As early as 1980s, it was suggested that lignans might prevent breast cancer and that this effect might be correlated with their phytoestrogenic activity. In addition, consumption of VOO, which contains significant amounts of lignans (e.g., PINO and 1-acetoxypinoresinol) as the major components of its phenolic fraction, has been correlated with a low occurrence of breast cancer . In fact, in the phenolic fraction of VOOs there are several compounds with anti-breast cancer properties as oleouropein , hydroxytyrosol and tyrosol . Certain compounds showed more effectiveness in ER- breast cancer cells than in ER+ breast cancer cells . PINO and 1-acetoxypinoresinol were first detected in VOO by Owen et al.  and differ in their relative amounts according to the different olives varieties used to make the VOO . For example, Brenes et al.  reported that Spanish olive oil contains a range of 20 to 45 mg/kg PINO. Despite the well-established preventative role of phytoestrogens against breast cancer, very little research has been done to elucidate whether PINO plays a chemopreventive role or exhibits antitumor activity in human breast cancer cells. Moreover, the oestrogen receptor status is a key factor to consider in breast cancer therapy. In fact, hormone therapy is only used in oestrogen receptor-positive breast cancer [17, 18]. Accordingly, we attempted to elucidate the effects of PINO on human mammary cells with different oestrogen and progesterone receptor expression, to determine whether this compound may contribute, at least in part, to the reduced incidence of breast cancer associated with VOO consumption. For this purpose, we used the following human breast tumour cells: MDA-MB-231 cells (ER-, PR-) and MCF7 cells (ER+, PR+). Furthermore, non-tumorigenic human mammary epithelial cells were also used in the present study [MCF10A (ER-, PR-)].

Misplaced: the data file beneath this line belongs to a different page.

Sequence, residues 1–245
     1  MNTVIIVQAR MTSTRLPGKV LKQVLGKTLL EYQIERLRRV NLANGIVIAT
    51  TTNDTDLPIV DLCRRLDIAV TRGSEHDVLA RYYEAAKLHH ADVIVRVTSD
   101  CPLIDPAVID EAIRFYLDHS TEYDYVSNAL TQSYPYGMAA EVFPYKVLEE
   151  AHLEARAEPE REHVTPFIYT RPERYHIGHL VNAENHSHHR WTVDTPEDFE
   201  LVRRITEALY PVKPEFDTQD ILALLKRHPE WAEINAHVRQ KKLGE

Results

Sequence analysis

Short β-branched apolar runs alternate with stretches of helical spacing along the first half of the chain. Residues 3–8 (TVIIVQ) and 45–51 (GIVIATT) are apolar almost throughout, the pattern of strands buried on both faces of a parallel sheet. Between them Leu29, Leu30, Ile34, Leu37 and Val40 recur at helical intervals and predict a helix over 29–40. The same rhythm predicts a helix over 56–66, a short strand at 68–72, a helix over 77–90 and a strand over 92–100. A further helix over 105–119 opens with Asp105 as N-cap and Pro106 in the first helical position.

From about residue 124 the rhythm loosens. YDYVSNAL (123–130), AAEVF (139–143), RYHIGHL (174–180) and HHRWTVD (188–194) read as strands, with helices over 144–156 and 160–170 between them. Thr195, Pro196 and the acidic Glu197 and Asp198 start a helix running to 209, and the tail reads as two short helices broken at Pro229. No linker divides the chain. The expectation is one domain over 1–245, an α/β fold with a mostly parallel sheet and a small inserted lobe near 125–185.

The cytotoxic activity of PINO on human breast tumour cells is a debated issue. Previously, Chin et al.  described that PINO has a cytotoxic effect against MCF7 breast cancer cells (ED50 = 4.74 μM); however, in a later article , the same author found no cytotoxic effects. Surprisingly, the range of concentrations used in both studies was not specified. In addition, the cytotoxic effects of PINO in MDA-MB-231 cells have not been previously reported. In contrast, we tested a wide range of PINO concentrations and showed that there was cytotoxic activity at different concentrations in both human breast tumour cells tested. While PINO showed cytotoxic activity in both types of human breast tumour cells tested, the effect was more pronounced in negative oestrogen receptor tumour cells compared to oestrogen receptor-positive tumour cells (Figs. 4 and 5). In addition, for the first time, we describe the effects of PINO on human mammary epithelial cells. Our results suggest that PINO ranging between 0.001 and 0.1 μM, which could be considered as physiological doses, has a much greater cytotoxic effect on breast tumour cells compared to mammary epithelial cells, suggesting an anti-tumour effect of this compound with a minor damage to non-tumorigenic tissue.